Come Together: Surviving Sandy

Francis Cape


by Terence Trouillot

The installation of renowned English artist Francis Cape’s piece Waterline (2006) in Sunset Park, Brooklyn, featured seventeen framed photographs hung above a wainscot of ochre-painted paneling. The photographs were taken in New Orleans on November 6th, 2005, two months after Hurricane Katrina, in the towns of Gentilly and St. Roch in central New Orleans. Cape was working on a show at the Louisiana State Museum, where he saw first-hand the aftermath and effects of the flood. His photographs depicted run-down cars, and several dilapidated homes, most of which had a visible, horizontal, flood-marked line going across the ruined walls. For the installation, Cape built a beautiful wainscoting reminiscent of the sheet paneling commonly found in U.S. homes in the latter part of the 20th century. The horizontal line created by the wainscot not only served as a visual counterpoint to the “waterline” found in flooded homes of New Orleans, but also as a stark reminder of what those very same homes could have once looked like (or more optimistically, what they can become).

Francis Cape, "Waterline (detail)," 2006

Francis Cape, “Waterline (detail),” 2006. Wood, paint, framed C-prints, dimensions variable. Courtesy of the artist.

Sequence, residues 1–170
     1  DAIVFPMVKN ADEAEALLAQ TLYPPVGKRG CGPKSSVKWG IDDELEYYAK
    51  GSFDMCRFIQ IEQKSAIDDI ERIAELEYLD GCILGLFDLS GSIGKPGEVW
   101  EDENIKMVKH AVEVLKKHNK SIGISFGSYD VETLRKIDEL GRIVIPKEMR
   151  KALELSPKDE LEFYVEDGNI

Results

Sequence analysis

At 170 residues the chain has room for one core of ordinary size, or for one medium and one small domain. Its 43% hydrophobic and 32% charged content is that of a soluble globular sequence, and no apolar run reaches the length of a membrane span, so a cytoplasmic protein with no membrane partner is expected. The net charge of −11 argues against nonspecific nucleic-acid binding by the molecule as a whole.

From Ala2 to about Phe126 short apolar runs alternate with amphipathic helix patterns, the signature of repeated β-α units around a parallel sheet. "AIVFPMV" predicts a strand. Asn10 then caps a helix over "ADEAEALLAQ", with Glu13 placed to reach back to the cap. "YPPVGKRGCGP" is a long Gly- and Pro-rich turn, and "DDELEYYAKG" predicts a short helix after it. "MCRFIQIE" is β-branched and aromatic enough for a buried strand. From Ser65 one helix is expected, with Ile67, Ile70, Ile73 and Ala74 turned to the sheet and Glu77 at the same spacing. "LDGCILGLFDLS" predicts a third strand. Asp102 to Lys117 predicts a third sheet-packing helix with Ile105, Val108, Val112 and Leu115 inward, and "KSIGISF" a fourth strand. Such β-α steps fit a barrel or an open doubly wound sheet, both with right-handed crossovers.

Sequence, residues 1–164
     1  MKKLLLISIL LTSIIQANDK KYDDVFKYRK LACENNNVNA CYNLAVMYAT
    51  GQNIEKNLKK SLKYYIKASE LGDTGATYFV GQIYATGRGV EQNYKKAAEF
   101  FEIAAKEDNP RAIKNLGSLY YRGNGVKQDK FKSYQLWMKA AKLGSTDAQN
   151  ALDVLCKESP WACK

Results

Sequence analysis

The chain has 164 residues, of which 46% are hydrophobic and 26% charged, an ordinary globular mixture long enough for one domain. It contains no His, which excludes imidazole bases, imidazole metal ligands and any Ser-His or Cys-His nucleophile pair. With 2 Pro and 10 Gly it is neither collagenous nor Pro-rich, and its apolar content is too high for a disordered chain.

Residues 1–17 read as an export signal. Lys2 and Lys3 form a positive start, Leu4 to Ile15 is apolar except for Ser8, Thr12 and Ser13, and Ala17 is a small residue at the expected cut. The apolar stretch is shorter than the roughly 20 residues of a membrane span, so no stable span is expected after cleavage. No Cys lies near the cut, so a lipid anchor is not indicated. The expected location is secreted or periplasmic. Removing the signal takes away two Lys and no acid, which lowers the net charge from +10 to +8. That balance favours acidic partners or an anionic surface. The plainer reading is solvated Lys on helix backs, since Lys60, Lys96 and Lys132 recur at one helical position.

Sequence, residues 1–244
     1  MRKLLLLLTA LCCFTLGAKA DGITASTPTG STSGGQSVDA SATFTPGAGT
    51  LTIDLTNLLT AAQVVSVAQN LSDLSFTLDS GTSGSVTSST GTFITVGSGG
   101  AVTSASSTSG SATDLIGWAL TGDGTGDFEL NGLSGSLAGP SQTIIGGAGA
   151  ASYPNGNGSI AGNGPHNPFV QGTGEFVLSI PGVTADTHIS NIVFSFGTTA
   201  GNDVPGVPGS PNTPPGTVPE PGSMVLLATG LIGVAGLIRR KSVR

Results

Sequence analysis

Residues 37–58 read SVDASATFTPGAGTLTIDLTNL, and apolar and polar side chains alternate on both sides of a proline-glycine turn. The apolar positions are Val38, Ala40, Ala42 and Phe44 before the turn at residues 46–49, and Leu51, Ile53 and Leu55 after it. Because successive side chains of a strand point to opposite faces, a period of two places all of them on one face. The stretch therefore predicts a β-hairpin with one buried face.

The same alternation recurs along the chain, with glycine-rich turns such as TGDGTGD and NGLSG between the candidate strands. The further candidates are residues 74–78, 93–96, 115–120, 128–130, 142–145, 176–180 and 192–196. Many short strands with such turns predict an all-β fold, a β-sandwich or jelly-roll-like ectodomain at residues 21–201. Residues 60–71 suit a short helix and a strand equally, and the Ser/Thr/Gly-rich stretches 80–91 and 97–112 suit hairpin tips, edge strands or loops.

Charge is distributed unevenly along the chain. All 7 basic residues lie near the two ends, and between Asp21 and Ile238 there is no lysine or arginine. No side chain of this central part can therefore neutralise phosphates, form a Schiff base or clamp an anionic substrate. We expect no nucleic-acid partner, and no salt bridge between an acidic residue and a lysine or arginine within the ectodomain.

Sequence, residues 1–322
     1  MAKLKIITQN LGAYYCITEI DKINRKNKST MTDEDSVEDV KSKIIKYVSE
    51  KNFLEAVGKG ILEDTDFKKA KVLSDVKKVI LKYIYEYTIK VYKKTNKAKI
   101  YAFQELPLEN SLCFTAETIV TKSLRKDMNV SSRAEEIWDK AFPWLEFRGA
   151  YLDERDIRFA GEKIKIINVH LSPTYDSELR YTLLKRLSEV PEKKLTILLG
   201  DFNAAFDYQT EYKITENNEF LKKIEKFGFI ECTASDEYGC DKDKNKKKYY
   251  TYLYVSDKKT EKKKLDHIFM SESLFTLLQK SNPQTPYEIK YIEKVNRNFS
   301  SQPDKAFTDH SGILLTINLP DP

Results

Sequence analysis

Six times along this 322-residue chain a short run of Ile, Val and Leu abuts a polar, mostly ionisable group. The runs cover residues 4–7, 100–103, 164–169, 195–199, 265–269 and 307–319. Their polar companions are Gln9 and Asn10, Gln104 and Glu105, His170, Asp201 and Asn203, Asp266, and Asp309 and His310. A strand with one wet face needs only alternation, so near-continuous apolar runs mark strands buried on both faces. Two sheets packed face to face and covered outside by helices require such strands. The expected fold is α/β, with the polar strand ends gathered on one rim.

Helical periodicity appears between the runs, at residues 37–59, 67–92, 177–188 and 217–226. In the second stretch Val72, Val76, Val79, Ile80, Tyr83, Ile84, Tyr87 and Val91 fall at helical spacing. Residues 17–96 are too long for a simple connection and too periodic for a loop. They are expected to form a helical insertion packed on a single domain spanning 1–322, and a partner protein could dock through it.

Originally installed at the Murray Guy Gallery in Chelsea, Francis Cape’s Waterline takes on new meaning in the newly renovated warehouse in Sunset Park, Brooklyn, in the context of Hurricane Sandy. Cape’s ethically charged installation, dealing with the devastation and trauma of Hurricane Katrina in New Orleans, offers both the promise of solidarity and progress to those affected by the storm(s), as well as a sobering reminder of the imminent ecological threats that plague humanity today. Reinstalled here in Industry City, on the occasion of the exhibition Surviving Sandy, Waterline forces the viewer to consider and examine the shared links and meanings between both hurricanes, and the seismic impact both disasters had on society’s cultural, political, and ecological climate. The work here is revisited and re-contextualized to bring together those affected by both floods not only as artists, but also as friends, neighbors, and compatriots.